Prior research has shown that some cognitive (thinking) skills tend to decline as people get older, although there is a lot of variability in rate of decline. Evidence suggests that those who retire are at risk of steeper declines because they are no longer exposed to the stimulating environments found at work. Jobs can keep people mentally active by requiring them to remember details, plan projects, and solve problems. Some people may not find ways to include enough of these types of mentally challenging activities in their lives after they retire, and this may lead to cognitive decline.
This MIDUS study looked at who is most at risk of experiencing a decline in their thinking skills after retirement and whether personal motivation plays a role. Researchers looked at changes in cognitive abilities over a 9 year period, comparing results between those who did and did not retire. Cognitive ability was measured by activities that tested:
- episodic memory: which helps people recollect details about a specific event or experience
- executive functioning: which helps people plan, problem-solve, and stay focused on a goal.
To test people’s motivation to participate in challenging mental activities after retirement, researchers looked at how likely participants were to disengage from their goals. “Goal disengagement” indicates a person’s tendency to lower their aspirations rather than to continue striving toward difficult personal goals or completing challenging activities. This was measured by how much participants agreed with statements such as:
- “When my expectations are not being met, I lower my expectations.”
- “To avoid disappointments, I don’t set my goals too high.”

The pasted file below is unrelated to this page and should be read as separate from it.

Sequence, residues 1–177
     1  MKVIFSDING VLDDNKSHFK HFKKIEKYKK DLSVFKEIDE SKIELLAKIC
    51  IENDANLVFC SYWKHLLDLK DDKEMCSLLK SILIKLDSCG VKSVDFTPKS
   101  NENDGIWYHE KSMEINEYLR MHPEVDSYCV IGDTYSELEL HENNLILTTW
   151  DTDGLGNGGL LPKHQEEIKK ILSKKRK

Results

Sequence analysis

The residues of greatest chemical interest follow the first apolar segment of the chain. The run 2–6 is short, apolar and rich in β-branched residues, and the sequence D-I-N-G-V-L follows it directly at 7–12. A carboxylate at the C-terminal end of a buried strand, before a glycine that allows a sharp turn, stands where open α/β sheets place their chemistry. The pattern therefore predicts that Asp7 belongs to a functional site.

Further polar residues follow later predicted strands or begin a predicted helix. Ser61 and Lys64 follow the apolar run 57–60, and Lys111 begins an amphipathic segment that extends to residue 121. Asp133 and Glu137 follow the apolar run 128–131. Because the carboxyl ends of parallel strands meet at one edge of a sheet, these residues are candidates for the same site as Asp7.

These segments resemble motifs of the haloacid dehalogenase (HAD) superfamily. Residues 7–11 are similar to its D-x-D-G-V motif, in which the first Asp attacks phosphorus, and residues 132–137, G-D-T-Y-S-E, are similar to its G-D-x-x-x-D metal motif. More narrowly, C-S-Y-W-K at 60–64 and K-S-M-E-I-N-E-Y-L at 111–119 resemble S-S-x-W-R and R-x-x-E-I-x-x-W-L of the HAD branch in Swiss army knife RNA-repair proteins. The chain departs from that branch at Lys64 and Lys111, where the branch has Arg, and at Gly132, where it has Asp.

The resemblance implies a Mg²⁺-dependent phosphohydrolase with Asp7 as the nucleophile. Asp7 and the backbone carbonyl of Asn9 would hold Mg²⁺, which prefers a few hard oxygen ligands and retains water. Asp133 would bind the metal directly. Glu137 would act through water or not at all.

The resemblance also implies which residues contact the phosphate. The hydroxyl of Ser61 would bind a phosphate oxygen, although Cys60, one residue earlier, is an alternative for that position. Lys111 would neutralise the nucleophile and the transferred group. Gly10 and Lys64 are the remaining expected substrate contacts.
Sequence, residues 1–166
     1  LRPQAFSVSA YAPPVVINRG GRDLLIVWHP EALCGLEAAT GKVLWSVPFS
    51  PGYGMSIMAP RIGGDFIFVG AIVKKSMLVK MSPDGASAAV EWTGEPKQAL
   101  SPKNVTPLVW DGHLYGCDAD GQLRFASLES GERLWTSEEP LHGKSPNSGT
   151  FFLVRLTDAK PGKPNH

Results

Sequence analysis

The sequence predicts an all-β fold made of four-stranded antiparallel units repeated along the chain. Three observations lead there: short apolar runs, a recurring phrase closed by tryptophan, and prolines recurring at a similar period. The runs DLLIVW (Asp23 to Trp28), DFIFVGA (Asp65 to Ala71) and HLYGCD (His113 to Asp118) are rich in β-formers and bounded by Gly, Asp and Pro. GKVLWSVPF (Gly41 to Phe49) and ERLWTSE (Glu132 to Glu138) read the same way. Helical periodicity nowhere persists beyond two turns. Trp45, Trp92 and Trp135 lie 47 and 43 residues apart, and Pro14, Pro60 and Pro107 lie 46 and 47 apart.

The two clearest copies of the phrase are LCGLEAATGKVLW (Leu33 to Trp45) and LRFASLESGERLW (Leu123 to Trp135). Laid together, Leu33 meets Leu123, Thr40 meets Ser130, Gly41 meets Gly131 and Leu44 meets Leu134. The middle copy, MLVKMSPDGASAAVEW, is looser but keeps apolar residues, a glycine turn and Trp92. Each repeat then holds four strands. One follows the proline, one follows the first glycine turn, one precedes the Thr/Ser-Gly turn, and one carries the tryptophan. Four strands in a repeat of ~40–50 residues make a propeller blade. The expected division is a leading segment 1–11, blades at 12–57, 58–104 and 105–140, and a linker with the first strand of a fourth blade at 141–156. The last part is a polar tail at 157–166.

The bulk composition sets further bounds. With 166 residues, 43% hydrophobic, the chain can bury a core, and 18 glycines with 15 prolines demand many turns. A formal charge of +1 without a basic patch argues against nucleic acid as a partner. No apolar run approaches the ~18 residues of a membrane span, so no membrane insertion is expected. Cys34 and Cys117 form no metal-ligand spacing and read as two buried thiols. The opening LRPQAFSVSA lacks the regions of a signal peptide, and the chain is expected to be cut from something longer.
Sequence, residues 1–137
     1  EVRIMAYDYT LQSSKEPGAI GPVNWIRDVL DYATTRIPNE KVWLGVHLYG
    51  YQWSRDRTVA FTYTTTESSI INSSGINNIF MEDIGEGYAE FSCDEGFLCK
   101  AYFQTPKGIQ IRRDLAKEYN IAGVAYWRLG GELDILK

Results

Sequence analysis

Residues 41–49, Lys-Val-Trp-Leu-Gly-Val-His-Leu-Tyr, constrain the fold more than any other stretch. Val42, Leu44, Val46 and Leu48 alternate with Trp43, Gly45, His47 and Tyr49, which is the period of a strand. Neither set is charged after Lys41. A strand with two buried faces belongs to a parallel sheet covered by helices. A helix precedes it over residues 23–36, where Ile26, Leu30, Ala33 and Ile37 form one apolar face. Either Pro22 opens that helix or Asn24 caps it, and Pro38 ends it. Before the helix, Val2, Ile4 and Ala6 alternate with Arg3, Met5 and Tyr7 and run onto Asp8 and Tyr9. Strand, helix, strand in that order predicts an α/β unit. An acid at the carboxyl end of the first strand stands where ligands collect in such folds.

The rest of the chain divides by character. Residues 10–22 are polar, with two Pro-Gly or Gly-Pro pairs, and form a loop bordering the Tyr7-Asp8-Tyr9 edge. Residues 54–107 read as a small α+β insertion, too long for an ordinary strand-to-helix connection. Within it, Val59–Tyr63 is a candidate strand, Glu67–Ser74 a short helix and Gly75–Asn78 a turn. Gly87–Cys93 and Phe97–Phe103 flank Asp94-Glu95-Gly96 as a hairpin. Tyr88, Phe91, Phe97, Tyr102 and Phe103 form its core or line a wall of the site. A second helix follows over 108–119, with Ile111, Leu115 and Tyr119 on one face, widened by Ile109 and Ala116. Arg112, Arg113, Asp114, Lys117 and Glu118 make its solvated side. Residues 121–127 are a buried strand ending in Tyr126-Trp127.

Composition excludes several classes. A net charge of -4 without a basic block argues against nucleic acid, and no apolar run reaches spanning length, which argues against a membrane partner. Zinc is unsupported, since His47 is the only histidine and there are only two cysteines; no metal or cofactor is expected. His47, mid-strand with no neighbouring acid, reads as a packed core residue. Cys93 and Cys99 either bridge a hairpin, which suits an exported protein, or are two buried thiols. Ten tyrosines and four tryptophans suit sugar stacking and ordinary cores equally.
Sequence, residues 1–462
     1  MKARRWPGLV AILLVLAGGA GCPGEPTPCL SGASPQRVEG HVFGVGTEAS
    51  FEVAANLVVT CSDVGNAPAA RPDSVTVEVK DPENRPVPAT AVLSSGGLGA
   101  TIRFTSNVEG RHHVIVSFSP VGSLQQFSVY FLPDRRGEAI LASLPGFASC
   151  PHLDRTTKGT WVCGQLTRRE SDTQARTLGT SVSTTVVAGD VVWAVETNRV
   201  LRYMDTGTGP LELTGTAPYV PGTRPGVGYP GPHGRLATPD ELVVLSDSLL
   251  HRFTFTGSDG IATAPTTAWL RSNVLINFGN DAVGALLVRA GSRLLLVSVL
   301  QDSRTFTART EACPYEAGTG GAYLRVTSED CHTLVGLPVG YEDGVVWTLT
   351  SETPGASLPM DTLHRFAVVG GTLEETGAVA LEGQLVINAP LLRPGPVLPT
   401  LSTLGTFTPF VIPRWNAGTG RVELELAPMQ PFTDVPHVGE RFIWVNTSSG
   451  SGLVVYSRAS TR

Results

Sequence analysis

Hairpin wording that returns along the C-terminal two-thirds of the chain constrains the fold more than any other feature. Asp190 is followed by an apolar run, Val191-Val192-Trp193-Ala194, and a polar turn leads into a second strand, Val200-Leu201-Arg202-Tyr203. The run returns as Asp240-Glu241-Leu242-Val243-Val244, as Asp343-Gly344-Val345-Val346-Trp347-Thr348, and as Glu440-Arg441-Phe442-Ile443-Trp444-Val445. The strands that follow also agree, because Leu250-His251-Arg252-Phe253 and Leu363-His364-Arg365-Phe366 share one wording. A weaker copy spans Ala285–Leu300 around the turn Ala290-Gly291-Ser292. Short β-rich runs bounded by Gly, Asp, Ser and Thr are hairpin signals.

- “I feel relieved when I let go of some of my responsibilities.”
Results suggest that not all who retire experience greater declines in cognitive abilities when compared to those who remain employed. Instead, those who retired experienced declines in episodic memory if they were more likely to disengage from their goals. Additionally, this association was only true for females. There were no significant results for executive functioning, and men high in goal disengagement were not at risk of cognitive decline. The authors speculate that women may be more likely to see declines in episodic memory because they:
- tend to have fewer hobbies after they retire
- are less likely to have specific goals for active retirements
- have more negative attitudes toward retirement and have more trouble adapting to it.
Additionally, women reported having less education, less income, and less prestigious occupations than their male counterparts, so may enter retirement with fewer economic resources that can buffer against losses in cognition.
This study suggests that the use-it-or-lose-it hypothesis applies to retirement, but the need to replace work-related mentally challenging tasks with similar activities in retirement may be particularly hard for those who are prone to disengage from difficult tasks and goals. Those high in goal disengagement may not be motivated enough to take advantage of new opportunities that present themselves after retirement.
Source: Hamm, J. M., Heckhausen, J., Shane, J., & Lachman, M. E. (2020). Risk of cognitive declines with retirement: Who declines and why? Psychology and Aging, 35(3), 449-457. https://doi.org/10.1037/pag0000453Read the full article at: http://www.midus.wisc.edu/findings/pdfs/2077.pdf